Now that’s a good idea
“To deliver 100% you need to share 120%.” That’s the motto inscribed on one of Nendo’s designs for garage-kit and model manufacturer Kaiyodo’s new collection of capsule figurines. It’s a sentiment that Nendo itself appears to have taken to heart by sharing design advice in the form of tiny figurines.
Kaiyodo has been making collectors’ models since the 1960s and has miniaturized everything from manga characters and famous artworks to animals and everyday objects. It’s particularly well-known for the small blind-box toys that can be bought from Japan’s popular gachapon coin-operated vending machines, which are onomatopoeically named after the sound the dispenser makes when delivering its trinkets.
Since Kaiyodo is famous for producing detailed models of all kinds of physical objects, Nendo decided to design three-dimensional versions of something intangible: the conceptual design process. Intended to inspire creativity and spark ideas, each of the resulting set of figures depicts a cute stick-like character acting out different dicta. Most also reveal an alternative image when viewed from another angle.
“Ideas appear when you are taking a break” (pictured) for example, features the character holding a cup of coffee while looking at what seems to be a jumble of shapes. But if you look at the model head on, the word “idea” forms, while the steam from the coffee becomes an “s.”
Other words of wisdom include “Always narrow down to two options” and the more drastic “Throw away your best idea.”
The Kaiyado figures will be released in May, but like the whole gachapon concept, it’s still a mystery where you’ll find them. Keep an eye out at toy stores.
Changing the sands of time
Though not planned for sale, Nendo has also released information about an idea that it will showcase at next month’s Milan Salone 2018 as part of its “Nendo: Forms of Movement” exhibition.
Variations of Time is a series of four hourglasses that divide, double, split and convert time by replacing the usually uniform bulbs with various curvaceous asymmetric cavities.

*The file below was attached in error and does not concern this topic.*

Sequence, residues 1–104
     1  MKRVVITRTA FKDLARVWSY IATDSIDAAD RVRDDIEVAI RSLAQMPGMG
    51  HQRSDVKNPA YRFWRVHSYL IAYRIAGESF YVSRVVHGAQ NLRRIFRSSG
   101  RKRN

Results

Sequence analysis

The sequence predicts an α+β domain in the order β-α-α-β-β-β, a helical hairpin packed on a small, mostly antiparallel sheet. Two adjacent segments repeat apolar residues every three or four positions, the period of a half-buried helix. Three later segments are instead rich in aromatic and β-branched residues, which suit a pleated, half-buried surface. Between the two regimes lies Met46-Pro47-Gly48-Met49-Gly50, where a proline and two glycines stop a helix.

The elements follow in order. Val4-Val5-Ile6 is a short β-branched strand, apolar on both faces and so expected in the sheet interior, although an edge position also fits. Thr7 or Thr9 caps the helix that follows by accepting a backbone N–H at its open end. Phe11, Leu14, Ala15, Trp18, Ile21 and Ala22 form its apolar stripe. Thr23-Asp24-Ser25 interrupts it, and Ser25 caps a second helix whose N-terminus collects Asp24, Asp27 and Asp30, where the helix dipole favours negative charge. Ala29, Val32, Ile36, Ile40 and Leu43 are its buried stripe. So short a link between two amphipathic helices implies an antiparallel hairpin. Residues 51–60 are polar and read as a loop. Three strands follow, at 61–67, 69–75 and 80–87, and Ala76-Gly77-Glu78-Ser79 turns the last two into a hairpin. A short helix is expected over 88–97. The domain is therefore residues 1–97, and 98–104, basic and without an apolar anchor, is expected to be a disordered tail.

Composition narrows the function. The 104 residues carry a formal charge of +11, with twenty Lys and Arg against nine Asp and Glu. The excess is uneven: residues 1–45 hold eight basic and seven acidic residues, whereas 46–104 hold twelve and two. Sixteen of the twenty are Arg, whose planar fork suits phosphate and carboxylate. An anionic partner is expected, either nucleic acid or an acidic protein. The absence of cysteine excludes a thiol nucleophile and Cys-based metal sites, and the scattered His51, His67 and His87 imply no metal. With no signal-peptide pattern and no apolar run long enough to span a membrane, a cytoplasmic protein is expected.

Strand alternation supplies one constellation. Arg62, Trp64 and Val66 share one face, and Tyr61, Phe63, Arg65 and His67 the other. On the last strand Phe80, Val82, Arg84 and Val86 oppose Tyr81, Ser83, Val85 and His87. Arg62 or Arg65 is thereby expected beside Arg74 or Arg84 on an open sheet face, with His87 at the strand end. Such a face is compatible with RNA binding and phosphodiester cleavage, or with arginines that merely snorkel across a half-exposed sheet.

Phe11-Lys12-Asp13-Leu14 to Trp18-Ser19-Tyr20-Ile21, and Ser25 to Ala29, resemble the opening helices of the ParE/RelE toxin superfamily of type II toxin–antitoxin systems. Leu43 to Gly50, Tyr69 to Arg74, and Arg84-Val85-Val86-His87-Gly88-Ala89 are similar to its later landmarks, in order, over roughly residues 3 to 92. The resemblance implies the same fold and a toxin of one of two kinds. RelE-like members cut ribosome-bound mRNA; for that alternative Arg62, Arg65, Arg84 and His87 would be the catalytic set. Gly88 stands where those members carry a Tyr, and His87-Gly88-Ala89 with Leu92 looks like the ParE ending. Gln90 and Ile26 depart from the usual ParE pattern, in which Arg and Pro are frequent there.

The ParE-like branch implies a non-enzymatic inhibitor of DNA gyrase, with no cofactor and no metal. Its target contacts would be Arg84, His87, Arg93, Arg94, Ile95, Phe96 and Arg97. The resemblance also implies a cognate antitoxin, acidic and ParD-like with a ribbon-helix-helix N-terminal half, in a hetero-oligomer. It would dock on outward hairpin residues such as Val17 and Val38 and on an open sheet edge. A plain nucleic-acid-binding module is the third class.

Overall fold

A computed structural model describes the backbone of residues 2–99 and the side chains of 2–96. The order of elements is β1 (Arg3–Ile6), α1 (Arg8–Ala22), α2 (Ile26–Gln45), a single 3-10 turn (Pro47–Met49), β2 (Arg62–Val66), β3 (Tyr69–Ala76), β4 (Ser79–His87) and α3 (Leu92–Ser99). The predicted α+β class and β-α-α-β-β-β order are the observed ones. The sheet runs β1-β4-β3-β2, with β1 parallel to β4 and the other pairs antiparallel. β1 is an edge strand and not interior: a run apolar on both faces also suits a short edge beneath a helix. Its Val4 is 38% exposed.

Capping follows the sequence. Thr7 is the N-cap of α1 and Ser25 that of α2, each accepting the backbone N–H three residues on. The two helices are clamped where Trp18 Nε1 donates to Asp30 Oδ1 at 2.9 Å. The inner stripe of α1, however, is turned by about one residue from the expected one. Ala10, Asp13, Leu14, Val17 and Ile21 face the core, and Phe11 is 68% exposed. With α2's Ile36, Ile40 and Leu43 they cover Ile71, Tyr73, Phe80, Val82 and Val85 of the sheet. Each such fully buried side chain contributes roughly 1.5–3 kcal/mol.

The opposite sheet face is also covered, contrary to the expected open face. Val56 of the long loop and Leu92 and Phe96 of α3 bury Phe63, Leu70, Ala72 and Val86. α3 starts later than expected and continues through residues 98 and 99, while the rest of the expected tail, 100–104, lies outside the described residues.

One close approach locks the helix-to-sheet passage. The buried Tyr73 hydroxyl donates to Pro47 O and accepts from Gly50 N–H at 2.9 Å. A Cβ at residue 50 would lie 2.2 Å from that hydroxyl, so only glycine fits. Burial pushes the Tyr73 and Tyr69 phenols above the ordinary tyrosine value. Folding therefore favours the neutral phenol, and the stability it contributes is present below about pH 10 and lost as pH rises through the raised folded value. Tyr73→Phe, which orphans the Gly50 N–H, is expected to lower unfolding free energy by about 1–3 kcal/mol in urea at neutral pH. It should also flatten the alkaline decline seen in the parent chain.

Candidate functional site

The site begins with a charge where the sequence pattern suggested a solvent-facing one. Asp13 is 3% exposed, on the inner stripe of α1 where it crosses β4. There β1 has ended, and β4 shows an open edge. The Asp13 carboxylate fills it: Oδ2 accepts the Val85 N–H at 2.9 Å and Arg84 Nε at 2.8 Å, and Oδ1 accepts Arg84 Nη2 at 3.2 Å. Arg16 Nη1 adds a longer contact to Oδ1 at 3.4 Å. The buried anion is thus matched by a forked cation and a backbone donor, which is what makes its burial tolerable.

Carved in acrylic with interiors hand polished until gleaming, these ice-like forms house colored sand that trickles through the shapes at different speeds. One shifts its sand in one minute one way up, but does it in two minutes when flipped over, while another uses its sand to time one minute via its first chamber and then two minutes via another below.
The two most dramatic versions split pools of sand to drain at different rates simultaneously. A wine-glass like basin divides a large pool of sand into two other chambers, timing two minutes on one side and three minutes on the other, while the three whirl-pool-like cavities of the last hourglass times one minute, two minutes and three minutes.
If you happen to be in Milan from April 17 to 22, you can see Variations of Time in action at Superstudio Piu Art Point. Keep an eye on the website for more information.
Turn back to the dial
Perrocaliente from 100 Percent Inc. has refashioned the sundial into a minimalist art object by making one out of transparent acrylic. Though that sounds counterintuitive, the Undial’s clear cylindrical gnomon purposely allows sunlight through to cast a shadow that actually spells out the hour of the day.
It does this via inscriptions of each hour of the day, which are engraved lengthwise along the gnomon. Each number also has a line above it to indicate how far into that hour it is. This means that the Undial doesn’t need a dial plate, so it’s also easy to move around when looking for the best position to catch the sun.
There are five types set at various angles for different latitudes of the world — from 20-30 degrees to 60-70 degrees — with three that can be used in Japan: type 25 for Okinawa, 35 for Honshu and 45 for Hokkaido. All are set on bases of either brushed or polished brass or stainless steel, are priced at ¥4,320 and currently exclusive to Spiral Market in Tokyo’s Aoyama district.
Perrocaliente notes that the Undial can only give you a rough indication of time and that it’s more of an attractive novelty, but that doesn’t make it less innovative.
Staying in bloom
Like the fleeting sakura (cherry blossom) season, Nousaku’s spring-inspired lineup of tinware will only be available for a limited time. Nousaku, a company dating back to the 17th century, recently gained fans for its contemporary collection of elegant hand-cast wind chimes and interior goods made of pliable tin. Almost all of its products feature the natural color of metal as a focal point, making the hand-applied pink gilt foil of this range unusual.
The color is used subtly — lining tin sake cups and highlighting a single sakura-petal chopstick rest in a set of five — allowing the pieces to match other cherry-blossom themed items, which include the pictured small flexible sakura-shaped tray.
Prices range from ¥4,320 for the chopstick rests to ¥15,012 for a Sakura Set of two kinds of cups, two chopstick rests and a pitcher — but be quick, because the season may end soon.
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